I once got a pass to see Russell Peters at HMV in Mississauga. I live no more that 23 minutes (slow) walking distance from there. I couldn’t believe it. While Toronto is known to be the first choice for any celebrity event, I would have to travel by transit to get there and experience these events with a whole lot of other people. I live in the suburbs and having Russell Peters come out to my end of town is nice. Yes, he’s from Brampton and he openly admits to growing up there and seems to have an appreciation for where he comes from. On the day of the autograph signing, at least 200 people with this pass are already lined up by 5pm. I should have known better and gotten there earlier with a sandwich and drink. I was near the end of the line. Russell Peters shows up with his family. He’s there to promote his DVD Green Card. He patiently signs autographs for every one of his fans holding a pass. He made sure that everyone got an autograph and stays beyond the 2 hour contract that is required of him. The mall is now closed past 9pm, and I finally get my copy of Green Card signed. It was only a few minutes. I gave him a photo of himself from my graduation where he was the recipient of an honourary degree at Humber College just months earlier. He gave it to his mom who couldn’t help but smile over it. That was a kodak moment for me. However, after waiting in line for more than two hours, I have to re-think about the importance of celebrities and the importance of my life. Prior to this event, my cousin said he met Russell Peters prior to Russell becoming famous. According to my cousin, he’s just a regular dude. I really got that at the autograph signing. Not that it’s a bad thing. I actually like celebrities who appreciate their families and not forget where they come from. According to someone in line at this event, Russell Peters tries to spend as much time with his family when in Canada, even if it means taking them to these events. Back to me and what I can do for myself. Well…while Russell Peters was giving a speech at my graduation, he said to follow your passions and everything will fall into place. He may have it easier because he is famous. In this economic times, I have to think how I will implement my passions into making a living out of it. But it is true. I am currently exploring choices at an employment centre and the employment advisor sees me as someone that can go the creative route instead of a regular office job. I have finally come to the conclusion that it is better to dream and achieve my own success instead of fantasizing being close to an already successful famous person.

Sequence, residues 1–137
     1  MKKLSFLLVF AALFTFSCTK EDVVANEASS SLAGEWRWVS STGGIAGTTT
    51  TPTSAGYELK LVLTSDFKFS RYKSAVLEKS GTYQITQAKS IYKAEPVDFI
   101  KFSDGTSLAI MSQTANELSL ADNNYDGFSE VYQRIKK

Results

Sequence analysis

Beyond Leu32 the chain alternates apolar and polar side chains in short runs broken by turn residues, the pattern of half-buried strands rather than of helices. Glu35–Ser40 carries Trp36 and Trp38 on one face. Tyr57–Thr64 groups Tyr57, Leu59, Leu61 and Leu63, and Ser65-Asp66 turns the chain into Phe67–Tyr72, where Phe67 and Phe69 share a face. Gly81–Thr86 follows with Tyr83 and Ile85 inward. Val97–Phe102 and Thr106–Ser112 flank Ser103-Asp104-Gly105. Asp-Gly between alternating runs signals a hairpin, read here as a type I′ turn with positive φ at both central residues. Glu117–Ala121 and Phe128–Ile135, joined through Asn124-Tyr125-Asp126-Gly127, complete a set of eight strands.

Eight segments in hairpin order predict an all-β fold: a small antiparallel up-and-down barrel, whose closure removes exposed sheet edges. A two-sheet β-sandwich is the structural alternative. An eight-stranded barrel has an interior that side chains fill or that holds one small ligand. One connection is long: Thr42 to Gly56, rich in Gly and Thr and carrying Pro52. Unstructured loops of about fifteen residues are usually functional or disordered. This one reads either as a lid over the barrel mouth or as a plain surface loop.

Every year in Toronto, there is an event called Open Door where certain places open their doors to give tours to the public for free. I went and actually enjoyed some of the venues. The Flat Iron building was somewhat of a bust. While the history itself was interesting, the tour wasn’t that great. Other places I visited was the St. James Cathedral and The Design Exchange. Here, fourteen of Princess Diana’s dresses were on display prior to an auction. The collection was owned by Maureen Rorech Dunkel and she hoped to sell the collection for upwards of $6 million. The auction was held at Waddington’s June 23. Sadly, it is to help Dunkel pay off her debts. It was later reported in the Toronto Star that only four of the fourteen dresses sold. For more on this link to:

http://www.thestar.com/news/world/royalfamily/article/1052782–diana-s-dresses-didn-t-sell-after-all

While celebrities will continue to capture fans’ imaginations, this is one case where I feel like saying it was an epic fail for one person. Is collecting memorabilia worth the price?

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© 2012 Grecel Nepomuceno

Fashion Cares

© 2012 Grecel Nepomuceno

Recently, I attended a fashion shoot to help build my photography portfolio. Toronto Photographic has held many workshops and events to help every day people build their work and encourage them to be creative. This event was hosted in conjunction with Creative Image Studios. Coming to this fashion shoot helps me to see how it’s really done – getting a location, finding models, having a collection from a designer, makeup, lighting and then getting creative with the photoshoot. Yes, it was fun, even if I couldn’t stay as long as I wished to. As expected, workshop #2 and #3 ran late. I had to leave for a charity event. I was shooting a fundraiser for the Richmond Hill Philharmonic Orchestra. That was a lot of fun and a success. Whether or not they like my photographs is another story. It was during this event I heard the classical song Peter and the Wolf by Sergei Prokofiev for the first time. It is a narration set to music. Beautiful is all I can explain it.